Wednesday, April 7, 2010

Flexibility: The Holy Grail

It seems to me that one of the hardest parts about aging is the tendency to become enslaved by habit; those parts of our lives that we do over and over again on autopilot, simply because it is what we know. And I do mean enslaved. Like getting so locked in to a pattern of behavior that any effort to resist it feels like swimming in jello. The God of Apathy takes over.

I suppose that’s partly why we fall into these habits in the first place – the apathy or depression about getting older. A realization that, in my experience at least, comes in stages. It starts with this sense of time speeding up, somewhere between 40 and 50. Then you start noticing shit about your body that’s difficult to deal with – it doesn’t work the way it used to; the wrinkles, sags or grays start sneaking up on you. Or you start surprising yourself with the stuff that comes out of your mouth. Or it dawns on you that people don’t look at you the same way anymore. It’s insanely easy to start panicking. You want to rewind the tape. What happened to my waist? My biceps? My face? Did it all just catch up to me? Who is that looking back at me in the mirror? Did I just say that? Who the hell am I?!!

So you start comparing. And thinking a lot about who you were. And if you’re not careful, you wake up one day confronted with how regimented you’ve become – the days bleed into each other, and the phrase “same old, same old” takes on a whole new meaning. You think about getting out but the prospect is unnerving. As the saying goes, “old habits die hard”. That’s because the older we get, the harder it is to mix it up. Flexibility of mind, heart and body becomes something we have to work at. We’re hanging on to how it was five years ago, or whenever, trying to slow down the rate at which time seems to be slipping through our fingers. We resist change by courting the familiar. And before we know it we are going through the motions, resigning ourselves to the process of aging, as if we lacked choices in how we experience it.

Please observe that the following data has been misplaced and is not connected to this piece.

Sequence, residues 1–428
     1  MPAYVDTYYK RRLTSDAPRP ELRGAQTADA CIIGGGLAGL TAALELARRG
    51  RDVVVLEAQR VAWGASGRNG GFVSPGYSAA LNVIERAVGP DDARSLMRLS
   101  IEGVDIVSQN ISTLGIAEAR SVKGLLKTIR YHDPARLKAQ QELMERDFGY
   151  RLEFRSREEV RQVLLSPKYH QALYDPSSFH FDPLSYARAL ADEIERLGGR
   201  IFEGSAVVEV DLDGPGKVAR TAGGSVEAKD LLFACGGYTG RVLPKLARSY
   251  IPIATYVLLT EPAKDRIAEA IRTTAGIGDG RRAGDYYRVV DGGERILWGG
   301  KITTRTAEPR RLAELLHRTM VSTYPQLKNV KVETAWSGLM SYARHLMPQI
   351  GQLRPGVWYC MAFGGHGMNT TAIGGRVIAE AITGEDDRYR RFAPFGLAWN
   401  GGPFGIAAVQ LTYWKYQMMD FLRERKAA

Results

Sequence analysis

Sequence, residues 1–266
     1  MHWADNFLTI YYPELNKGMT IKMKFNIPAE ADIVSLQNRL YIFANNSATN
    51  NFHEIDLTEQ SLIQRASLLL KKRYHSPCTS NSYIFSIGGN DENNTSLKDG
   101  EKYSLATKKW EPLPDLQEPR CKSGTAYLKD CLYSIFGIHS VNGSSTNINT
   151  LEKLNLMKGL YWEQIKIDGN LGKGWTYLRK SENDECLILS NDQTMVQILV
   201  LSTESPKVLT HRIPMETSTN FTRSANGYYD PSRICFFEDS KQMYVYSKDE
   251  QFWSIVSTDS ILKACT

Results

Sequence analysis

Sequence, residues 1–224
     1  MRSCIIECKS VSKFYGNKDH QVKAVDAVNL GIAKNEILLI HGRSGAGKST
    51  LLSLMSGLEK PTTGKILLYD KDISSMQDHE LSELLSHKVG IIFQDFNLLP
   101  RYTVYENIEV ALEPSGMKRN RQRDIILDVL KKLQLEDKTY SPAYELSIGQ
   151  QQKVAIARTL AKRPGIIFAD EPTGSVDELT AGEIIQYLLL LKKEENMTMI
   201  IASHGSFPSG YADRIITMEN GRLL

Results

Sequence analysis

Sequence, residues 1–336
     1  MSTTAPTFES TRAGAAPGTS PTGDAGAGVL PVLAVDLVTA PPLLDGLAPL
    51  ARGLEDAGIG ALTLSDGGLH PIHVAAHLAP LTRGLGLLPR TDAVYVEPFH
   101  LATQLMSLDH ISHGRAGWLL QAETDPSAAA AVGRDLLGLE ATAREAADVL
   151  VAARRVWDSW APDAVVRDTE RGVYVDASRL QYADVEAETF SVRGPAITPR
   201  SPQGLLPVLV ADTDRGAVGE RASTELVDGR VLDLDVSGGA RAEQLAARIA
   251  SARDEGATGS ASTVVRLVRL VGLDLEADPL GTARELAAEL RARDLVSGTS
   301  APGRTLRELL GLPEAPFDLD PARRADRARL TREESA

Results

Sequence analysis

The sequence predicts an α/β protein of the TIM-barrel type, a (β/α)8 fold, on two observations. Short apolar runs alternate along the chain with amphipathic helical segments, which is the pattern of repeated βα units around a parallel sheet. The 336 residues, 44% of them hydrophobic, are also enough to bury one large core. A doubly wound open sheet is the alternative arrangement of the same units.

All of this, ironically, as we avoid facing death. We tell ourselves that doing so is giving up on life. Educator Stephen Jenkinson sees it very differently. “The skill of dying is the same skill as deep living,” he tells me. That the extent to which we can embrace death is the extent to which we can live our lives. “Not success...not growth...not happiness. The cradle of your love of life is death. The fact that it ends.”

I’m thinking that gives me options. Options I never had before.

3 comments:

Debra L. Schubert said...

"The cradle of your love of life is death. The fact that it ends.” Holy bejesus, that's freaking powerful.

I feel, in many ways, that I'm just starting to come alive (late bloomer?). I'm loving life more than ever and am sad and angry it's (more than?) half over. Aging can be an evil mistress IF WE LET IT.

And, habits? Oh, yeah. I feel those heavy chains...

My Buzz on Vibes said...

Great post! I definitely fall into this trap and tend to stay rooted in my comfort zone. I really have to push myself to try new things, and it does seem like more of a struggle than it used to be.

Jesse Mendes said...

Thank you, both of you, for your comments. Really comforting (no pun intended!) to know that others share my experience. Debra glad you resonate with his words -- for me, this is no less than a spiritual calling. And I, like yourself, am a late bloomer -- life didn't really start for me until I hit my 40s, and even now, at 48, I feel as if I am just starting to wake up, to become "teachable", so to speak.

Jesse